Gaining access to map updates and other downloadable content is accomplished through the TomTom Home software that is embedded in the One's onboard memory. Simply connect the One to your computer via USB and the software prompts a quick installation, no CDs required. Once installed, the TomTom Home software allows users to download updates, back up data, plan routes, and even play with a virtual representation of their One 140 S.
Other optional features are downloadable fuel prices that can be had via subscription and an add-on RDS-TMS receiver that can keep you up to date on traffic incidents along your route.
We found that the TomTom One 140 S was quick to boot and satellite acquisition was fast, averaging just under a minute for cold starts with a clear sky.
The onscreen keypad can be configured in A-Z or QWERTY layouts. Our preferred layout, QWERTY, features much smaller keys than the alphabetical layout--thanks to the addition of a numeric row--and therefore they are more difficult to accurately hit. Users with big fingers may want to cross-shop the TomTom XL 340 S, with its larger, wide-screen format.
Destination entry is superspeedy, thanks to the One 140 S's intuitive autocomplete feature.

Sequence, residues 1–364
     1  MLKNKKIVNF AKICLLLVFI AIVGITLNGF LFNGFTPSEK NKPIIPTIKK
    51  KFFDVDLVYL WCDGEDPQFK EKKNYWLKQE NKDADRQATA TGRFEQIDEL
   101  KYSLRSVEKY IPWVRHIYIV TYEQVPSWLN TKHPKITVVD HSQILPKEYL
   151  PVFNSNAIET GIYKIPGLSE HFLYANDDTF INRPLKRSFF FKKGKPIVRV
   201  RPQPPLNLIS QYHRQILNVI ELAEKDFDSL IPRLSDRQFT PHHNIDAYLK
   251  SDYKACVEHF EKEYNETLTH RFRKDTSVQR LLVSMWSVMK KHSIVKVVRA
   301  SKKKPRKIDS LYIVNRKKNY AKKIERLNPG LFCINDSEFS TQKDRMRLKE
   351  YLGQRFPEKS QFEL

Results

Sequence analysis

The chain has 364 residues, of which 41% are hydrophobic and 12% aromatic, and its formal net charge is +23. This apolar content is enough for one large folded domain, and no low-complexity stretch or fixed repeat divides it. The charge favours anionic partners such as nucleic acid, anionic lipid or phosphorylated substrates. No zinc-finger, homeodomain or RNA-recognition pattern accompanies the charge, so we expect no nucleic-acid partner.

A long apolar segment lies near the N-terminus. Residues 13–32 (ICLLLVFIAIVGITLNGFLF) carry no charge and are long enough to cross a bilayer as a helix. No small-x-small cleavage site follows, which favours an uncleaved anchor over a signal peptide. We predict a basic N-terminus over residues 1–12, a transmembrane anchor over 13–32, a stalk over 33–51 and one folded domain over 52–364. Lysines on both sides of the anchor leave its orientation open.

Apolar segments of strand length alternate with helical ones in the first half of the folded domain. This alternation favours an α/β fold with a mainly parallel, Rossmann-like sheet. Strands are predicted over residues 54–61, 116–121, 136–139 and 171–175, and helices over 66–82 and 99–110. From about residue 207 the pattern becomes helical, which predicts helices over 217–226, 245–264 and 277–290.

POIs can be searched by name or browsed by broad category (restaurant, gas station, lodging) but cannot be grouped by subcategory (for example, Mexican or Japanese restaurants).
However, when choosing a route, the TomTom One's speedy response slowed considerably, particularly if the vehicle was moving during routing. Upon closer inspection, we found that the device was still digesting the updated map data provided by the TomTom Map Share service during the last sync.
Subsequent destinations chosen from a stationary vehicle were routed in a matter of seconds.
The TomTom One 140 S sits in an interesting location: at the top TomTom's entry-level. Here, it is able to hit a sweet spot by offering fairly advanced features--such as advanced lane guidance, the always-useful text-to-speech function, and daily updates of local fuel prices--while keeping its price relatively affordable.
Users who are looking for a larger screen should check out the TomTom XL 340 S, which is identical for all intents, with the exception of a larger 4.3-inch-wide screen. Those who aren't fans of TomTom's interface should look to the Garmin Nuvi 1200, which features a similar feature set (swapping lane guidance and fuel prices for Eco Routes and multimedia features), for about the same MSRP.